Tea vs. Coffee
The thing that threatens interracial and cultural peace at my school aren't differences in languages, beliefs, or customs. No, it's the coffee maker. That machine is going to kill a Korean soon and then all hell will break loose.
I used to make coffee at school via French press. Since myself and the other foreign teacher were the only ones who drank it, everything ran fine. This semester one of the Korean teachers had an unused coffee maker at home, the Mr. Coffee drip kind, and decided to bring it to school. The Korean teachers, who always get to school before I do, insist on trying to make coffee with this machine even though they don't drink the stuff. Basically, they are trying to be nice and in the process they make the worst coffee known to man. They usually add a teaspoon of coffee grinds, heat water via a kettle, turn on the coffee machine, and pour the hot water in. Anyone who has a working knowledge of a coffee machine knows you do not heat the water and then pour it in. This has the effect of making the coffee machine very angry as it hisses steam and spits hot water all over the place like a pissed off water-dragon. The Koreans try and remain calm but I know they're all thinking, "Jesus, this thing is possessed!" I've tried explaining that we should use cold water, but that point doesn't seem to get through. The Korean think I'm crazy, "He wants hot coffee, but insists that we use cold water? What does he expect from us?" To compound problems, my co-teacher consistently over-fills the water reservoir in the coffee maker so the coffee pot then overflows as well. The result is an enormous quantity of tea-colored coffee and some badly burned Koreans. I've tried to tell my co-workers politely to leave the job to me, but they insist on trying to be hospitable and mastering the art of coffee making.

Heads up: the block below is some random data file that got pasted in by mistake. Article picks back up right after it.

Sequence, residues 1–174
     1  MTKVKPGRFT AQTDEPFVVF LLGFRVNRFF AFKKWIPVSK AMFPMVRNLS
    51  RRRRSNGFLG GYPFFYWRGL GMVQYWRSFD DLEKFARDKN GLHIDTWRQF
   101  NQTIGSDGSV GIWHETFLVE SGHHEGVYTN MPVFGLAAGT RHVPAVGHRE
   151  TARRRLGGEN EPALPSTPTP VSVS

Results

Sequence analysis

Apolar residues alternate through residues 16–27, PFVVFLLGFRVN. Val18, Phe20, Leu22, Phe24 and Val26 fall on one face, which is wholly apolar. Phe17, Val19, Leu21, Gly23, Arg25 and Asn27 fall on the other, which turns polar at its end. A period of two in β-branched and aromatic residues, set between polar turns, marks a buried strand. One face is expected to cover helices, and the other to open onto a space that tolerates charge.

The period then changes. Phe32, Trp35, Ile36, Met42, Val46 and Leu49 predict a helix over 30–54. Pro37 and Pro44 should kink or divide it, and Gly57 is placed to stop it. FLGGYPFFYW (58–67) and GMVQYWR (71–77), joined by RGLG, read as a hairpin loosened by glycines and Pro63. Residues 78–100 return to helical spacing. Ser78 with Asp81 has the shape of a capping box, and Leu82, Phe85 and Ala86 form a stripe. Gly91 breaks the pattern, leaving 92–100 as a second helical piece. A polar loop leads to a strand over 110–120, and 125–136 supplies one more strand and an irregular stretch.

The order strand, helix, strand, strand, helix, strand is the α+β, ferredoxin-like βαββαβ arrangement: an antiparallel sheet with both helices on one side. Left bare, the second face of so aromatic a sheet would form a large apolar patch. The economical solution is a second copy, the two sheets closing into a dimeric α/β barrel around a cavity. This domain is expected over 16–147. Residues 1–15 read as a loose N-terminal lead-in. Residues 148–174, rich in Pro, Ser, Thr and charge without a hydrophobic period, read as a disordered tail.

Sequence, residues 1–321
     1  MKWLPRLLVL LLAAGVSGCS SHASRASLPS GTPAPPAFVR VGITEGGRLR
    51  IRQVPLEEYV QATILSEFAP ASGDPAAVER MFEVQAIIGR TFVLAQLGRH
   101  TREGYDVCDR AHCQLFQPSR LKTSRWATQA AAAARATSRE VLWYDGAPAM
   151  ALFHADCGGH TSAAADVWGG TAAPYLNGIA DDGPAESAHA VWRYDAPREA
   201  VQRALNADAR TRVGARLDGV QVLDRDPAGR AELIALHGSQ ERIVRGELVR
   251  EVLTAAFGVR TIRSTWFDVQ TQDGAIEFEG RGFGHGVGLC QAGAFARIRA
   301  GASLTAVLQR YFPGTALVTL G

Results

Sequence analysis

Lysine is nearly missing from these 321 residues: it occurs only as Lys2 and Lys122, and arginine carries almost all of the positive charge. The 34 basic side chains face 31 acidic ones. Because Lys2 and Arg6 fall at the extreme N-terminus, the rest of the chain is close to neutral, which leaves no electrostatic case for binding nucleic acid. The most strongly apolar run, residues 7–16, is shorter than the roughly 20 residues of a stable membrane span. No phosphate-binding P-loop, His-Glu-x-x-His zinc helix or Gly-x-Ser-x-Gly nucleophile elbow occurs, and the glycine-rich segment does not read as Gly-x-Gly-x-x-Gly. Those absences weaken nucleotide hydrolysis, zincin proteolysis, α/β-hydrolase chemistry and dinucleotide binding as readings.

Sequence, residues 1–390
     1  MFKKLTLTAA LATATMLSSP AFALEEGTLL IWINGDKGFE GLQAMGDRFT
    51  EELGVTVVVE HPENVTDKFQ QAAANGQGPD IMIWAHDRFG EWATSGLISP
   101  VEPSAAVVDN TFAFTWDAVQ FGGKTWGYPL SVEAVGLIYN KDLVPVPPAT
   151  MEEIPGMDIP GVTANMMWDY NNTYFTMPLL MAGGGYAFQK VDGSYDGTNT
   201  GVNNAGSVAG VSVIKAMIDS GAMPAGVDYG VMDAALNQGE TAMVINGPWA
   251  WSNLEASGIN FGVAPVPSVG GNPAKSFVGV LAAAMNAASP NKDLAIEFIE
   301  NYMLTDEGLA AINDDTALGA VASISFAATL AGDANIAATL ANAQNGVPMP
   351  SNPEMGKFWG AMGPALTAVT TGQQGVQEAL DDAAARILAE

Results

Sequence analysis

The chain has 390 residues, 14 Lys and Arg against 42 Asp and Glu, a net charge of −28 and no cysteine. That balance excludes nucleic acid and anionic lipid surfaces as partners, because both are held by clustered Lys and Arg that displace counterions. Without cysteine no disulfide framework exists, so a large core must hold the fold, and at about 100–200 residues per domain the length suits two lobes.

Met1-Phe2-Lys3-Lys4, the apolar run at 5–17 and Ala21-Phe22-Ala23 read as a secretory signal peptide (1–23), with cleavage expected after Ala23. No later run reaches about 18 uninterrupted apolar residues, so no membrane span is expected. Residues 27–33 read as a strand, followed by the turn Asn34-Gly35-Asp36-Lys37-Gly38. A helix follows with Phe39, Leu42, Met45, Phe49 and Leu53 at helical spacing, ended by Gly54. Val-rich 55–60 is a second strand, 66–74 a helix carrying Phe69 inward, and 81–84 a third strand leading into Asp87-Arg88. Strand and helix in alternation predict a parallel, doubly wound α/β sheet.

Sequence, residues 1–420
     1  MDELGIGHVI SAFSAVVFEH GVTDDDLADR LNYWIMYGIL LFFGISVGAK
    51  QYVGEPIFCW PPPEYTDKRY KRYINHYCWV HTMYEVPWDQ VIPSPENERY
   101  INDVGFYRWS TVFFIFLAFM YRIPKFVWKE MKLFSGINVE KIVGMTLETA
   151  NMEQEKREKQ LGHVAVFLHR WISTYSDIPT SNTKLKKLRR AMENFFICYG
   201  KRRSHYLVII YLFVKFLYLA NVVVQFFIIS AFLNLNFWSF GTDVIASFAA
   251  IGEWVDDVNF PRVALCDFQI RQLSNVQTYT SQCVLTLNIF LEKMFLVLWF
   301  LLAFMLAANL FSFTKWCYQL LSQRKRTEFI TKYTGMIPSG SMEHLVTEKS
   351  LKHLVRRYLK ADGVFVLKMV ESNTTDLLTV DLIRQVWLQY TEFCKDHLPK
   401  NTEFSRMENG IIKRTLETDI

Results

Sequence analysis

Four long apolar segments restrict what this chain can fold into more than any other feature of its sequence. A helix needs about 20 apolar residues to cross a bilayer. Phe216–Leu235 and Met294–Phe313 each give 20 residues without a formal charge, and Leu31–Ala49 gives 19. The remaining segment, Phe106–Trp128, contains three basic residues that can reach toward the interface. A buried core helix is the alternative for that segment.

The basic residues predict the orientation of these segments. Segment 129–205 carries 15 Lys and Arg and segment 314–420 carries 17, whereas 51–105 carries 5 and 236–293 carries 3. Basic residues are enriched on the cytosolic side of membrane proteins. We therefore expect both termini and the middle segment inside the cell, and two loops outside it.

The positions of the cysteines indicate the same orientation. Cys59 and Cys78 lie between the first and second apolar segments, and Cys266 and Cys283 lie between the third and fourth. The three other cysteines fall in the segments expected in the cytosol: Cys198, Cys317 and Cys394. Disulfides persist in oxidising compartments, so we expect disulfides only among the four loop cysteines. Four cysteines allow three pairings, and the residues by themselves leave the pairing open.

Now to me this scenario seems asinine, but when I look at it from the Koreans perspective, my coffee habit must seem ridiculous. For one, I am horribly addicted to this black liquid. Without it I'm groggy and sluggish. I insist on having it everyday. The Koreans probably wouldn't be surprised to show up to work the next day and see me overdosed in the corner with a syringe full of coffee sticking out of my arm. Two, coffee seems ridiculously hard to make, and then I add lots of milk and sugar so I don't have to taste it. Yeah, a lot of that doesn't seem to make sense either.
Still, it's nice to know that all of this is done in good spirits, that my co-workers are trying so show me that they care. In this case I fill up my mug; take a sip; tell them thank you in Korean, that the coffee is very good; walk out the door, and pour it down the closest drain. Maybe they will break me of my coffee habit after all.